Friday saw Day 4 played out as the 852 survivors from the previous day were cut down to 378, with Phil Hellmuth’s hopes of a record-breaking 12th WSOP gold bracelet ended for another year.
Phil Hellmuth hasn’t enjoyed a title success in the Las Vegas series now since 2007, when he picked up $637,254 for winning the $1,500 No-Limit Hold’em event #15.
The Poker Brat – who has a record 85 cash finishes in the series – certainly didn’t have much to celebrate on Saturday, even though it was his 47th birthday as he was unable to improve on his three runner-up spots at the WSOP 2011.
Hellmuth’s best-ever WSOP performance undoubtedly came in 1993, when he recorded an incredible three first-place finishes in three successive days from No-Limit Hold’em events 7, 8 and 9 – with $173,000 from the $2,500, $161,400 from the $1,500, and $138,000 from the $5,000 – as well as $72,500 for his runner-up spot in event #20, the $5,000 No-Limit 2 to 7 Lowball.
But that’s all well behind him now – and Hellmuth will, without doubt, be extremely disappointed to have fallen short of leaving the legendary Doyle Brunson and Johnny Chan two WSOP bracelets behind on 10. In fact, he didn’t even make the money, even with 693 paid in the main event.
Reza Kashani was, however, the unlucky bubble boy after being eliminated in 694th place. Joseph Cheong knocked out fellow Californian Kashani on the fifth hand while the event had entered hand-for-hand play that lasted an incredible 46 minutes.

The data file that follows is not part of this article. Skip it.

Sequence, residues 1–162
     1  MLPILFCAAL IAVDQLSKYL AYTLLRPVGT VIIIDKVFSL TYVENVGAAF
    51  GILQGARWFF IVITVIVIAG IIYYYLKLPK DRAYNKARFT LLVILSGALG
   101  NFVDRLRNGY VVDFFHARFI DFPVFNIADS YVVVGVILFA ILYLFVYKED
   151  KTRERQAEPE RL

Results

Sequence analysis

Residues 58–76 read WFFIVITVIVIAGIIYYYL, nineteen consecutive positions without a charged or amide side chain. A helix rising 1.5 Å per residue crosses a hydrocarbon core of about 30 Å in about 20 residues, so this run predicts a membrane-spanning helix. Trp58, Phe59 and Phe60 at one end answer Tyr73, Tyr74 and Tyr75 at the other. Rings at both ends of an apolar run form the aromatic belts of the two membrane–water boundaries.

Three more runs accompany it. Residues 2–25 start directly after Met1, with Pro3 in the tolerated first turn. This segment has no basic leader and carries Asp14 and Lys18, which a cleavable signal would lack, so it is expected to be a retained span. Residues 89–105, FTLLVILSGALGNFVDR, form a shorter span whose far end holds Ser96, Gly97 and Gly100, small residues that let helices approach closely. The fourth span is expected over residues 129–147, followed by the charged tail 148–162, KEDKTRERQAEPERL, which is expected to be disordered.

It was a crying shame for Irvine’s Kashani as he had paid his own way into the main event after just one year of playing poker.
However, he was not too disappointed, saying that he believes he gained “a lot of good experience” from his first WSOP event, despite his elimination, and reckons this “is going to help me for next year”.
Kashani may well have just missed out on making $19,359 for 693rd place, but he soon received some wonderful – and unexpected – news soon after his elimination as the organisers announced he would be given free entry to next year’s main event, meaning he becomes the first official entry into the 2012 WSOP.
Kashani displayed good humour throughout and even had some playful words of warning for “all the players who are coming and will be here” next year as he stated “they better watch out for me!” There’s nothing quite like displaying confidence – and Kashani will surely be a much-improved player come next summer. Beware!
Once Kashani had exited, though, we witnessed a flood of bust-outs in the Amazon Room of the Rio to see the field move up five levels on the payout scale by the time the chips were bagged up.
Kashani and Hellmuth were joined by the likes of David Diaz, Todd Brunson, Chris Bjorin, Bryan Micon, Vanessa Rousso, Joe Serock, Sandra Naujoks, Robert Varkonyi, Jake Cody, Shannon Shorr, Dennis Phillips, Steve O’Dwyer, Andrew Chen, Berry Johnston, Jeff Madsen, Humberto Brenes and Jeffrey Lisandro as Day 4 casualties.
Meanwhile, Brooklyn’s Manoj Viswanathan led the way into Day 5 on 2,115,000, with Sam Barnhart second (1,925,000), of Arkansas, and Germany’s Pius Heinz (1,887,000) third.
But the most exciting hand of the day was most definitely the three-way pot involving Texan WIlliam Douglas Smith, California’s Paul Baron and Brazilian Nelson Dantas.
All three committed their stacks pre-flop, with Dantas having been dealt A♠ A♣, Baron holding K♠ K♦ and Smith showing Q♦ Q♥!
The board ran J♠ K♥ 10♦ 8♥ 5♦ and Baron’s trip kings – which chipped up him to 370,000 – sent Smith to the rail and chopped Dantas’ stack down to 205,000.
Top 10 chip leaders after Day 6 of the $10,000 No-Limit Hold’em Championship:
1. James Lenaghan (USA) – 12,865,000
2. Ben Lamb (USA) – 9,980,000
3. Matt Giannetti (USA) – 7,940,000
4. Andrey Pateychuk (Russia) – 7,255,000
5. Phil Collins (USA) – 7,240,000
6. Hilton Laborda (Brazil) – 7,160,000
7. Nelson Robinson (USA) – 6,420,000
8. Tri Huynh (Canada) – 6,295,000
9. Aleksandr Mozhnyakov (Russia) – 6,070,000
10. Bryan Devonshire (USA) – 5,970,000